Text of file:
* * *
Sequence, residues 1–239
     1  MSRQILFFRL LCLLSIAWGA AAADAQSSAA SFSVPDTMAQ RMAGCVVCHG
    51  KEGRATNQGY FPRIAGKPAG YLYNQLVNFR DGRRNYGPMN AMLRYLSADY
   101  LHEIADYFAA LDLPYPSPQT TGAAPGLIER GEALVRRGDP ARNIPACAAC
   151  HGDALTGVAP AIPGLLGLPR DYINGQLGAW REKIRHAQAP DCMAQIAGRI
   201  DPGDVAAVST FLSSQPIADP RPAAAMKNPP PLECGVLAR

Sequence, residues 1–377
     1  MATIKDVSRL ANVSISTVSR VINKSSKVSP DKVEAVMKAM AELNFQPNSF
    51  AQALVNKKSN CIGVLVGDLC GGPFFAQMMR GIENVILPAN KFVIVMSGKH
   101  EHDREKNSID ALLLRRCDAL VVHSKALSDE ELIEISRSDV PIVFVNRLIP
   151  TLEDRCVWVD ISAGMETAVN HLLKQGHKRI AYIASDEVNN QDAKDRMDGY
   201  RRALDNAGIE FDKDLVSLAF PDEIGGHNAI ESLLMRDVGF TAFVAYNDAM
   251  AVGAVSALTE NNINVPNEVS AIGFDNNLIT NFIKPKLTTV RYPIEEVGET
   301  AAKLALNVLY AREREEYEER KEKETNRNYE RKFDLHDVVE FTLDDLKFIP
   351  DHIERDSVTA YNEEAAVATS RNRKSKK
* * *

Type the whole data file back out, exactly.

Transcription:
Sequence, residues 1–239
     1  MSRQILFFRL LCLLSIAWGA AAADAQSSAA SFSVPDTMAQ RMAGCVVCHG
    51  KEGRATNQGY FPRIAGKPAG YLYNQLVNFR DGRRNYGPMN AMLRYLSADY
   101  LHEIADYFAA LDLPYPSPQT TGAAPGLIER GEALVRRGDP ARNIPACAAC
   151  HGDALTGVAP AIPGLLGLPR DYINGQLGAW REKIRHAQAP DCMAQIAGRI
   201  DPGDVAAVST FLSSQPIADP RPAAAMKNPP PLECGVLAR

Sequence, residues 1–377
     1  MATIKDVSRL ANVSISTVSR VINKSSKVSP DKVEAVMKAM AELNFQPNSF
    51  AQALVNKKSN CIGVLVGDLC GGPFFAQMMR GIENVILPAN KFVIVMSGKH
   101  EHDREKNSID ALLLRRCDAL VVHSKALSDE ELIEISRSDV PIVFVNRLIP
   151  TLEDRCVWVD ISAGMETAVN HLLKQGHKRI AYIASDEVNN QDAKDRMDGY
   201  RRALDNAGIE FDKDLVSLAF PDEIGGHNAI ESLLMRDVGF TAFVAYNDAM
   251  AVGAVSALTE NNINVPNEVS AIGFDNNLIT NFIKPKLTTV RYPIEEVGET
   301  AAKLALNVLY AREREEYEER KEKETNRNYE RKFDLHDVVE FTLDDLKFIP
   351  DHIERDSVTA YNEEAAVATS RNRKSKK